18 JAN 17 | Ivan — AIA North Chapter Intern of the Year


First of all, all of us hard-working, black turtle-neckin’, coffee drinking wannabes are technically interns until we become licensed architects. Then and only then can we purchase a pair of “architect” glasses, order a rubber stamp, take on liability that no one really wants and try to become our own starchitects.

Architect glasses

From left to right: 1. It’s true, architects wear weird glasses and black turtlenecks. 2. My parents are both architects and I remember them downing 2 pots of coffee before work each morning. I love coffee too, but try to limit it to a cup a day. 3. Starchitect Frank Gehry flips off a Spanish journalist after he was asked what he thought of critics accusing him of producing “architecture for show.” He went on to say, “Let me tell you one thing. In the world we live in, 98% of what gets built and designed today is pure shit.” Gehry, I feel you. Like that M.I.T. building you designed that leaked. That’s not to say that I haven’t been impressed by Gehry’s work (the Guggenheim Museum in Bilbao, Spain is amazing).

Anyway, this blog post is to let you know about one of those hard-working wannabes I work with. His name is Ivan. We’re very close. Literally. He sits anywhere from 4 to 12 inches behind me depending on where our chairs are at any given moment.

Ivan has been at WORKSHOP8 for about a year and a half and I think I can safely say that he’s learned a great deal about architecture and the process involved. He has also been an integral part of many projects. I nominated Ivan for the AIA North Chapter’s “Intern of the Year” award and I want to share the top 5 reasons I nominated him:


From drafting up details to managing residential projects to cleaning the basement, Ivan has done it all and is always willing to do whatever gets thrown at him.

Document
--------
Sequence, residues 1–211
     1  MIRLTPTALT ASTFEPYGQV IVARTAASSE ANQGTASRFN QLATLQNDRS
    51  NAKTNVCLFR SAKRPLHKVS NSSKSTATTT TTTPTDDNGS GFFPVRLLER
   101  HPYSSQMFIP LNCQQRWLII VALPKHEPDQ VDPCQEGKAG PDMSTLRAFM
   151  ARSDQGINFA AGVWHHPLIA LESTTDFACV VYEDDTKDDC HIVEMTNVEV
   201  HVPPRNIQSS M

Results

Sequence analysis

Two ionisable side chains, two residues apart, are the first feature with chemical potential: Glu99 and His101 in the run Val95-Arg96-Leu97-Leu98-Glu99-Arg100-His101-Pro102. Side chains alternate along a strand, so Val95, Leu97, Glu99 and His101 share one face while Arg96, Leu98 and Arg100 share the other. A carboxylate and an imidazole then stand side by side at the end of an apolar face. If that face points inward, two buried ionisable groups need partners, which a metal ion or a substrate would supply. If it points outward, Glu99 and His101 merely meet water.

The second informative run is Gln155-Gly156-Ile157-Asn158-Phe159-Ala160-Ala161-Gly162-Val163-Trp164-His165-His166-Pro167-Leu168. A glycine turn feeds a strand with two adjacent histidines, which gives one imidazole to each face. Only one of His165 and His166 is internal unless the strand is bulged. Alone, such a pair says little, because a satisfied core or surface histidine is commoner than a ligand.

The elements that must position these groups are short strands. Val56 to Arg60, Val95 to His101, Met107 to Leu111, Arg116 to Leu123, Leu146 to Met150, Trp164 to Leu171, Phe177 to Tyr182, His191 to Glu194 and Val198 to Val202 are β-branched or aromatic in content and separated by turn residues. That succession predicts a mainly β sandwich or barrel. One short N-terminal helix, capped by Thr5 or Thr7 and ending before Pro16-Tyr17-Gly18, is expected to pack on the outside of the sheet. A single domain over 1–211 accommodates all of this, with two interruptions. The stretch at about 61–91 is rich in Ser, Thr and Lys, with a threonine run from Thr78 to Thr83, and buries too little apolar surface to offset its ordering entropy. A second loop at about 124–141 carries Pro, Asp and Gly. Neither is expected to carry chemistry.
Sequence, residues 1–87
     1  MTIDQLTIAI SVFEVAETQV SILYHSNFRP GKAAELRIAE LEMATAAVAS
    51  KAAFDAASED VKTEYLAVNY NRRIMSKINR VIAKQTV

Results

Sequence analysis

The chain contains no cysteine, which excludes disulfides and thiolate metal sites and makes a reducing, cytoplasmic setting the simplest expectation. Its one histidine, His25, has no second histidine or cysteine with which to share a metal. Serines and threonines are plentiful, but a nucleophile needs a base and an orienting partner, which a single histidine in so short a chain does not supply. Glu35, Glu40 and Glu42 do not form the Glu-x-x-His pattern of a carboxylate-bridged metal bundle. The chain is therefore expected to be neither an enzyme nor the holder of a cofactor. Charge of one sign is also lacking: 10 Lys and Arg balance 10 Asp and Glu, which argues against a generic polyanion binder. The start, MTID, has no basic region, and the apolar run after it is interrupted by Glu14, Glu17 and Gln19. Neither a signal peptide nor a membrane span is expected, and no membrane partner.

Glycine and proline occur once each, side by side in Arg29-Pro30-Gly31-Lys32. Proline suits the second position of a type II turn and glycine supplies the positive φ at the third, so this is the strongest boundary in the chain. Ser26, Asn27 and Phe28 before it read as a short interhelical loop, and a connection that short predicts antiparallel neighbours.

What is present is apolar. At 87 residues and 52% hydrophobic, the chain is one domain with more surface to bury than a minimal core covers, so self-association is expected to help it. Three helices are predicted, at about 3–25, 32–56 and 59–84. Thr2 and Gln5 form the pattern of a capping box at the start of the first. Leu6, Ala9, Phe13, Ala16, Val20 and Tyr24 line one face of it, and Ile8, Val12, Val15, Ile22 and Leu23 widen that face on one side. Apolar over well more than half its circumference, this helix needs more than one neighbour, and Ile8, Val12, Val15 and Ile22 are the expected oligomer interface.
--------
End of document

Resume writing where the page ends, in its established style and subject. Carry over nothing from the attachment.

Ivan's arch. work

A sample of projects Ivan has worked on at W8.


Ivan was born in Bogotá, Colombia. He came to the US in 1995 when he was 12 and the only English Ivan knew was a nursery rhyme called “Ten Little Indians.” I had the opportunity to visit Colombia this summer and learned about some of the culture and history. Colombia is relatively safe now and has a growing tourism industry, but the Colombia Ivan was born into was a very different place and time. Over 50,000 people died in the Drug Wars in the 1980s and in the guerrilla warfare of the 1990s. Violence was everywhere. When Ivan turned 18 he joined the US Navy and served our country for 4 years.

For someone who had to leave his home country, learn a new language and culture as a teenager and then serve that country in the military- that’s impressive. America is great because of people like Ivan.

Colombia map

Photo credit.

3. “PATIENCE IS A VIRTUE.” -William Langland

If you’ve ever been to a WORKSHOP8 desk crit, you know that we can get catty and feisty. A range of emotions takes over designers when they are critiquing—it takes a thick skinned person to stay cool, calm, and collected when getting their work mulled over. Ivan is always open to ideas and never lets anyone get under his skin.

Tim Gunn

Tim Gunn from Project Runway exemplifies the stages one goes through in a critique:
1. Applaud. “This looks greatttttttt!”
(5 second pause and stare at computer screen)
2. “Hmm.. OK, one sec. Wait, why is that space kinked like that? I’m not sure that makes sense. And
what is that??”
3. “Hold on. Hold on. It must be my glasses fogging up. Can you go back?”
4. “Hmm.. OK, it wasn’t my glasses. It’s your design. This needs A LOT of work. Maybe move this here, that there. Take that piece out.”
(everyone breaks into opinion- people are getting heated)
5. “OK! OK! Let’s just all take a step back.”
6. Breathe. “Lalalalala”.
7. “What?!”
8. “Let’s just chop this part off and please start over. Make it work!!”


Stressful situations are always easier when you can crack a joke. Thanks for keeping us laughing Ivan.

Photo credit.


As a project manager, I am usually busy working on schedules, emailing consultants, meeting with clients, and compiling construction drawings. It often leaves little time to actually get into project files and draw. Ivan picks up everywhere I leave off! He can run with directions and get the work done.

Ivan at ceremony

Congrats on your award Ivan! We appreciate all that you do. Now get back to work.


Emily's Dad

Emily Axtman, “Project Manager” aka “Wannabe architect” aka “Intern” with her Dad, aka “A real Architect.” Both love good design and good beer.